Dinner@The Three Hares, Sedbergh

After an extraordinarily beautiful day spent on the Ingleton Waterfalls Trail we are heading for dinner at The Three Hares in Sedbergh. We are with our good friends Thorkell, Amy, Alaya and we have even lured Ziggy away from his American football. The Three Hares is run by James and Nina. James is front of house – looking after the customers. Nina, using her experience of baking in Germany and of growing up with Japanese parents, is in the kitchen looking after the food.

Three pints of Saison, a spicy pale ale with all the strength of a quarterback, arrive for Thorkell, Ziggy and myself plus a bottle of Ventoux – a French red which should work well with most of the dishes we have ordered. I don’t normally pass comment on the bread we are served with our food but here it is fantastic – several varieties, all beautiful and we will return tomorrow to buy more!

The menu looks very ambitious. I kickoff with the pigeon, black pudding, celeriac & watercress which is very good. Thorkell has the very interesting looking heritage tomato crostini. Rock has the aubergine & feta pie for her starter. Everyone else is happy with the bread, olive oil & Balsamic.

Most of us have now moved onto the red wine in time for the mains. Alaya and I both punt for the hare loin, confit leg & truffle risotto with kohlrabi and a formation of chantenay carrots. The loin is pretty good but I struggle with the strength of the truffle in the risotto. Amy tackles the Tamworth pork loin with salt baked beetroot, radish, wild garlic & mash.

Rock & Ziggy both have a fair catch of stone bass with a huddle of maple peas, pancetta, swede and sea herbs. The fish is expertly cooked and well flavoured. Thorkell has the Howgill hogget loin & shoulder with a touchdown of hotpot vegetables and red cabbage. For anyone that does not know, hogget is meat from a sheep aged between one and two years old. Some people think it is better than lamb or mutton. Thorkell absolutely loves it!

We can still find room for dessert and between us we order: blackberry sorbet with caramelised white chocolate crumble, and an end zone of apple & poppy seed; Yorkshire rhubarb with duck egg custard & gingerbread; and a block of sticky toffee pudding with real ale ice cream and oat crumble. All the desserts are excellent.

The menu today at The Three Hares is very game orientated with much less of a Japanese influence than we had hoped for. It has an adventurous approach to its dishes that many foodies will adore. After spending most of the day with Thorkell & Amy, the real pleasure here for Rock and I, was to also pocket a little quality time with Ziggy and Alaya.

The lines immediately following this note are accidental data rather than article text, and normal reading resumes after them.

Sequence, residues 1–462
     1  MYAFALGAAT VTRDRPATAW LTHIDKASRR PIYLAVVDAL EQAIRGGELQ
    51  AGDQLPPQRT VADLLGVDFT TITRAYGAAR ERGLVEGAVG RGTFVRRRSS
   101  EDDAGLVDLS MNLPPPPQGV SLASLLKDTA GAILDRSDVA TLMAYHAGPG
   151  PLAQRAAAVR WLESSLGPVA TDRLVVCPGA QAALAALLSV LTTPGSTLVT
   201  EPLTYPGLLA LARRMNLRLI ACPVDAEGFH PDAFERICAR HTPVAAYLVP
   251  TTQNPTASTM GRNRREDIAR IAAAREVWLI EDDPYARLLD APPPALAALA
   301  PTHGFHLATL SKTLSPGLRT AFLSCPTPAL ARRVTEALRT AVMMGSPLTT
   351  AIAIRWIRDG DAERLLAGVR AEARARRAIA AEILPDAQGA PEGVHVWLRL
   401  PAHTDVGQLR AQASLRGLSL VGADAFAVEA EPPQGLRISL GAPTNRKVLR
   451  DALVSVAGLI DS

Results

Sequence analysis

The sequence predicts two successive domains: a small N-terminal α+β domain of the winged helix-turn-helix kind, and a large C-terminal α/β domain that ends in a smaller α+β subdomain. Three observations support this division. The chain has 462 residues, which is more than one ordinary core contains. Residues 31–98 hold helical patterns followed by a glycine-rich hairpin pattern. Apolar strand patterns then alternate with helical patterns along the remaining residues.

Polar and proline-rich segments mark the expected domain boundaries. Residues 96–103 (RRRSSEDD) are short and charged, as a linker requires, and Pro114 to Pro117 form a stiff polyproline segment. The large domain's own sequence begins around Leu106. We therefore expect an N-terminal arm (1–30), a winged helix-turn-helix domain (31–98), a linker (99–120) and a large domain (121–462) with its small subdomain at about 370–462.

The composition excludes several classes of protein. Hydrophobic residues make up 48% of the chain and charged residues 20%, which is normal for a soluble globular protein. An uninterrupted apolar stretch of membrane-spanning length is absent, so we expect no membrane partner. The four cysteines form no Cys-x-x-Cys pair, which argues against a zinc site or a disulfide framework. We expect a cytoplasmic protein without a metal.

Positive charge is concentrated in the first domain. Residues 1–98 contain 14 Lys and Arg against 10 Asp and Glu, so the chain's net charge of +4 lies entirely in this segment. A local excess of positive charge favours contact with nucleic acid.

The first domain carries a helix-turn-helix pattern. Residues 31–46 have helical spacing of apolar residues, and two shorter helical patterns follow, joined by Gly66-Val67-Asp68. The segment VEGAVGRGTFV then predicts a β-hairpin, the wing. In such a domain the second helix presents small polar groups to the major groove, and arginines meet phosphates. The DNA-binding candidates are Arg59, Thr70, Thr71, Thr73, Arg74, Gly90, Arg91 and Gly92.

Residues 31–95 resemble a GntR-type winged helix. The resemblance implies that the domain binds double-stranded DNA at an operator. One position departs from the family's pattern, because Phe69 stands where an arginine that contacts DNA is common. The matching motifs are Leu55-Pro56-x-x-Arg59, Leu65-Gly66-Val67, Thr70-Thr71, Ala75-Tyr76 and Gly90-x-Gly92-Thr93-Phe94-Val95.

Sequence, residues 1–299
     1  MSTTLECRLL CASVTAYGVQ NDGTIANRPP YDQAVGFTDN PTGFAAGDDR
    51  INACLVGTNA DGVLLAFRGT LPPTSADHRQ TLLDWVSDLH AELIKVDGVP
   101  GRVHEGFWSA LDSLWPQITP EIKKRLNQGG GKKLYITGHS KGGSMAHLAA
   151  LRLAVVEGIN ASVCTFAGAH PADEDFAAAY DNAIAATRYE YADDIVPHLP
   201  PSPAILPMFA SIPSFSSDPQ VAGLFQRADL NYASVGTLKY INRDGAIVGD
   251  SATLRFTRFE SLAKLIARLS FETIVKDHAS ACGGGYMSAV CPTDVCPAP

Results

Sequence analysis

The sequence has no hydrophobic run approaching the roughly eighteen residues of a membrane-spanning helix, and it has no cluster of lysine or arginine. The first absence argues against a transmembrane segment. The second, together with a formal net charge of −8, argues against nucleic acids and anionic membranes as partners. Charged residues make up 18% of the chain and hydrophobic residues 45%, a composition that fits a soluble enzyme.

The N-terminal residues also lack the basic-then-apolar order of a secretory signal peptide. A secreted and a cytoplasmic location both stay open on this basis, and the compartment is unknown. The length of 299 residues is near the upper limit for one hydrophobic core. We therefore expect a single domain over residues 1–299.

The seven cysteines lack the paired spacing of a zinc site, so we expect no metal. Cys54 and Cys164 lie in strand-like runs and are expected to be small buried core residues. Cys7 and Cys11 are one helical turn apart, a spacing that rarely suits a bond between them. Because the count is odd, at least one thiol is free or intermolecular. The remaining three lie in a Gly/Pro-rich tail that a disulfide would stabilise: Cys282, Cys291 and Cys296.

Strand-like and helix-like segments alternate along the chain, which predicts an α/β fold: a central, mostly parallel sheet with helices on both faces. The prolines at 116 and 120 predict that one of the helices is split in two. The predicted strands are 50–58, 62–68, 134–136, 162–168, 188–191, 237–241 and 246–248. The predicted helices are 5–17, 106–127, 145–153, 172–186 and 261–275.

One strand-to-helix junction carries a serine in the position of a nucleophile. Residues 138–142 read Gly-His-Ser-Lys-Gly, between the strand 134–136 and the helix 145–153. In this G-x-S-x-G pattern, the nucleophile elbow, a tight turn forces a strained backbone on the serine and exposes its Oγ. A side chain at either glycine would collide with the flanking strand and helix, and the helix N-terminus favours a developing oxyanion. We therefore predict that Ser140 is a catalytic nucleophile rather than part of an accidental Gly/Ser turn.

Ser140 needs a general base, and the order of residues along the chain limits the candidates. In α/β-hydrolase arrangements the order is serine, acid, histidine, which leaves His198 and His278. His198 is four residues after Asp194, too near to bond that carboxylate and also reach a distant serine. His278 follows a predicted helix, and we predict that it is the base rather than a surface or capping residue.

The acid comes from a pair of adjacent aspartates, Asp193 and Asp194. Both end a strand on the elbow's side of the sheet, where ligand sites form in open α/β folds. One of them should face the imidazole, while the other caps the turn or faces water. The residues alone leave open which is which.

Lunch@Blackwell, the Arts&Crafts House

Blackwell, the Arts & Crafts House is a showpiece of the twentieth century arts & crafts design movement. After spending a couple of hours looking at the sensational furniture, lighting and decoration – we are ready for lunch. Tea rooms at places like this are usually pleasant enough but our expectations are probably set at moderate.

A bottle of Lakeland Lager from the Hawkshead Brewery, a pale and golden beer made with both lager hops and malt but then, interestingly, ale rather than lager yeast. It is very good indeed.

Rock is having a warm salad of pulled ham, orange & fennel served with Puy lentils, toasted pumpkin seeds, mixed leaves, honey mustard dressing and toasted homemade bread. She is loving it – quality products, beautifully put together. I have the Cajun spiced crab potato cakes with lemon mayo and a mixed salad. The potato cakes are delicately spiced and contain plenty of crab.

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We have loved looking at the house and we have loved the lunch in the Blackwell Tea Room. Indeed, our expectations may have only been moderate and the menu relatively simple, but this is probably the best meal we have had on the road trip so far!

Dinner@Rogan&Co, Cartmel

We have been looking forward to trying another Simon Rogan place ever since we had such a fantastic lunch at Roganic, his pop-up restaurant in London. Now the road trip has brought us to Cartmel, the home of two of his restaurants, L’Enclume and Rogan & Co. We are visiting Rogan & Co in Cartmel for dinner. Our expectations are high.

It is a smart place but quite relaxed and the menu looks interesting. I have a pint of the very local Crusader Gold from the Unsworth’s Yard Brewery in Cartmel. It is a very pleasant, crisp golden ale with a refreshing citrus finish.

I start with the ocean trout served with radish, pumpkin seed, buttermilk and parsley. Loads of interesting complex flavours and the trout is cooked to perfection. Rock has the butternut squash with black garlic & pork crackling. It sounds like a great combination but she finds it bland, almost tasteless.

I’m now really hoping that Rock likes her main course – gurnard with cauliflower, leek and preserved lemon. It is certainly more interesting than her starter but she finds the gurnard to be more meaty than she had hoped. We share a side of creamed potatoes which work well with my barrel rump steak, kohlrabi, mustard leaf and walnut.

Rock may not be that happy but I’m having a great time. I’m also having a glass of rioja – it is excellent and the combination of golden ale and rioja may help to explain why I’m enjoying the food more than Rock.

We decide to share the blue cheese, rhubarb and white chocolate dessert. It is the dish of the day – a fabulous combination of flavours, beautifully presented and hits the same culinary heights that we recall from Roganic.

Overall, Rogan & Co is a very pleasant place to be, relaxed atmosphere, attentive service but the food did not always meet our high expectations.

Lunch@Baba Ganoush, Kendal